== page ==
Restraints on California Covenants Not to Compete
California law generally does not tolerate covenants not to compete, perhaps more so than any other state. Covenants not to compete typically arise either from the sale or transfer of a business or from an employer/employee relationship. The basic rule in California is that, in the absence of a statutory exception, “every contract by which anyone is restrained from engaging in a lawful profession, trade, or business of any kind is to that extent void.” (Bus & P C §16600.) This general rule is subject to certain statutory exceptions that permit noncompetition agreements in connection with one of the following:
- The sale of goodwill of a business by the person who agrees not to compete;
- The sale or other disposition of all the covenantor’s ownership interest in a business entity or its subsidiary;
- The sale of all or substantially all the operating assets, together with the goodwill of a business entity or its subsidiary or division;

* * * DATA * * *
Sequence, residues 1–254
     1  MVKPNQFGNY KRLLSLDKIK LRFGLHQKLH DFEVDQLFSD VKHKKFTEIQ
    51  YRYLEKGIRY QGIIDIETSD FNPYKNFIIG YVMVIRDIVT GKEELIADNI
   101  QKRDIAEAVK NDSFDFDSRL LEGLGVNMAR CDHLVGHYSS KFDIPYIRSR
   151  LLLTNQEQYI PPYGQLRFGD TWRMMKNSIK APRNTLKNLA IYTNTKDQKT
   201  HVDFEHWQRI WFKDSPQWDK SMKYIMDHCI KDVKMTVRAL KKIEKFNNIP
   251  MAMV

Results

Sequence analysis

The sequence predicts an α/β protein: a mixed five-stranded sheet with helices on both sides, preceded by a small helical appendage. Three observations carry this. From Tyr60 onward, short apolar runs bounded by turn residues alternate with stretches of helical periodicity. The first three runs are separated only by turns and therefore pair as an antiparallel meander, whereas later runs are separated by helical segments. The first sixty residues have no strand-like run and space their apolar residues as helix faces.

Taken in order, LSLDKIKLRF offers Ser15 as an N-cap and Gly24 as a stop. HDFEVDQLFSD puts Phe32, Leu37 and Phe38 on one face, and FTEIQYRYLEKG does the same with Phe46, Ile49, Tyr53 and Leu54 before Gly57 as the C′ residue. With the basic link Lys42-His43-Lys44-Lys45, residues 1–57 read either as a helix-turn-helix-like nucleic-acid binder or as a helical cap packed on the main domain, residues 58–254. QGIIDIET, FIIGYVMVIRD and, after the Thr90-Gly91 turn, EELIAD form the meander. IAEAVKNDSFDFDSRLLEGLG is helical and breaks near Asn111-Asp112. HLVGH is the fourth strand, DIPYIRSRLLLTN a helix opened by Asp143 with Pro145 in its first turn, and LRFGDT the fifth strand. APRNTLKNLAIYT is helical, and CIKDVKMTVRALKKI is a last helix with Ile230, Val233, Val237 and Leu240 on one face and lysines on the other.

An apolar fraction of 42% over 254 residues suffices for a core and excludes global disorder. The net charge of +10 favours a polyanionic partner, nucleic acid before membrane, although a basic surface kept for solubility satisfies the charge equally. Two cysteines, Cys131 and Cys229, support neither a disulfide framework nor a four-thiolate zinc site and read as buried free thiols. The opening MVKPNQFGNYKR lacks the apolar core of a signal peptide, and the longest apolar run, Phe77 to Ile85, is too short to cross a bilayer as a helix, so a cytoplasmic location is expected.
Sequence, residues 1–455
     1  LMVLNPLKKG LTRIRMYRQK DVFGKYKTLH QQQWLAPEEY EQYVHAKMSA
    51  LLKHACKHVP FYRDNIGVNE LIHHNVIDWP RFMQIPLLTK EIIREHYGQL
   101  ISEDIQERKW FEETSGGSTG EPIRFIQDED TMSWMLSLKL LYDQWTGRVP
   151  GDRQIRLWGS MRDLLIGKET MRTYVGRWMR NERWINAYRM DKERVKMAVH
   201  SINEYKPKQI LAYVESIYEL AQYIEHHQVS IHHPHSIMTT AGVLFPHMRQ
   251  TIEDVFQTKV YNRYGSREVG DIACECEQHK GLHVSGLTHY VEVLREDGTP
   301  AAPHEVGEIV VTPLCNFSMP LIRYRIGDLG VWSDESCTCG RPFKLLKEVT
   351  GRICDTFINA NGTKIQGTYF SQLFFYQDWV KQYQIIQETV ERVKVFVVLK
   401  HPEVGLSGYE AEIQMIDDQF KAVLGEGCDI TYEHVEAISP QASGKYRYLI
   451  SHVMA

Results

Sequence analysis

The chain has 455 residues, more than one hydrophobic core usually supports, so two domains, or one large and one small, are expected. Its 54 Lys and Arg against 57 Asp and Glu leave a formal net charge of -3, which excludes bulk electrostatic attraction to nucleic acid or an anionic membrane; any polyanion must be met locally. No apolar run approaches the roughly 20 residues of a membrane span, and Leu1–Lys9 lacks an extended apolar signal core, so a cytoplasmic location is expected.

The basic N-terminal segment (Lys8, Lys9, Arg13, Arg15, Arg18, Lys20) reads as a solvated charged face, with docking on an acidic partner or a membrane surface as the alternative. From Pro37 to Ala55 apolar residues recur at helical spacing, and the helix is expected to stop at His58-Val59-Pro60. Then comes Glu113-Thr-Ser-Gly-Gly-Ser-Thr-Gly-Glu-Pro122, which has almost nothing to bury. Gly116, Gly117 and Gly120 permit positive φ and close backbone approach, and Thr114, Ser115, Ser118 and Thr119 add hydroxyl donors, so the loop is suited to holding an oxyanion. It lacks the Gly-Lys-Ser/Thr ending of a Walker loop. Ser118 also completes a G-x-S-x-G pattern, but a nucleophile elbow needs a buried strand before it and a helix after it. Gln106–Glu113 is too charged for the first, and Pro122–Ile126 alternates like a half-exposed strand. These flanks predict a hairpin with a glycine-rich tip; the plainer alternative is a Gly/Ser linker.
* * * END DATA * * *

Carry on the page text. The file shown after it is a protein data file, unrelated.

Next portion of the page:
- The disassociation of a partner from a partnership, or the disposition of a partner’s interest in a partnership;
- The dissolution of a partnership; and
- The dissolution of a limited liability company or the termination of an individual’s interest in a limited liability company.
In these situations, a covenant not to compete in all or part of a specified geographical area in which the business has been carried on, during the time the seller continues to do business there, is permitted. (Bus & P C §§16601-16602.5.)
Still, there are several documented instances of one party requiring another party to agree to a covenant not to compete. In the employer/employee context, this is especially dangerous for employers. An employer may be held liable for wrongful termination in violation of public policy when it fires an employee for refusing to sign an agreement containing unenforceable noncompete, nonsolicitation, or other provisions violating Bus & P C §16600. Moreover, the signing of an employment agreement containing an unenforceable covenant not to compete cannot be made a condition of continued employment for an employee.
Parties “bound” to unenforceable covenants should take a close look at California’s Unfair Competition Law (UCL) under Bus & P C §§17200-17210. The UCL provides remedies for a wide range of unfair business practices, enforceable by a similarly wide range of potential plaintiffs. The statutory remedies consist of injunctive relief, civil penalties, and civil penalties for violating an injunction.